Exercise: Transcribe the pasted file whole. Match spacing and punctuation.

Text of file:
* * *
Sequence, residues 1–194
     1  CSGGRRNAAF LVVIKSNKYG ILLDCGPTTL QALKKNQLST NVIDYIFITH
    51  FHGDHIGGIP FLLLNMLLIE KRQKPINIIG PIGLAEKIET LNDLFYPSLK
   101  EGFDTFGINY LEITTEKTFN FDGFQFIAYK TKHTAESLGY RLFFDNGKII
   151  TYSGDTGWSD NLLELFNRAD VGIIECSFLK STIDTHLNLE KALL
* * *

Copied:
Sequence, residues 1–194
     1  CSGGRRNAAF LVVIKSNKYG ILLDCGPTTL QALKKNQLST NVIDYIFITH
    51  FHGDHIGGIP FLLLNMLLIE KRQKPINIIG PIGLAEKIET LNDLFYPSLK
   101  EGFDTFGINY LEITTEKTFN FDGFQFIAYK TKHTAESLGY RLFFDNGKII
   151  TYSGDTGWSD NLLELFNRAD VGIIECSFLK STIDTHLNLE KALL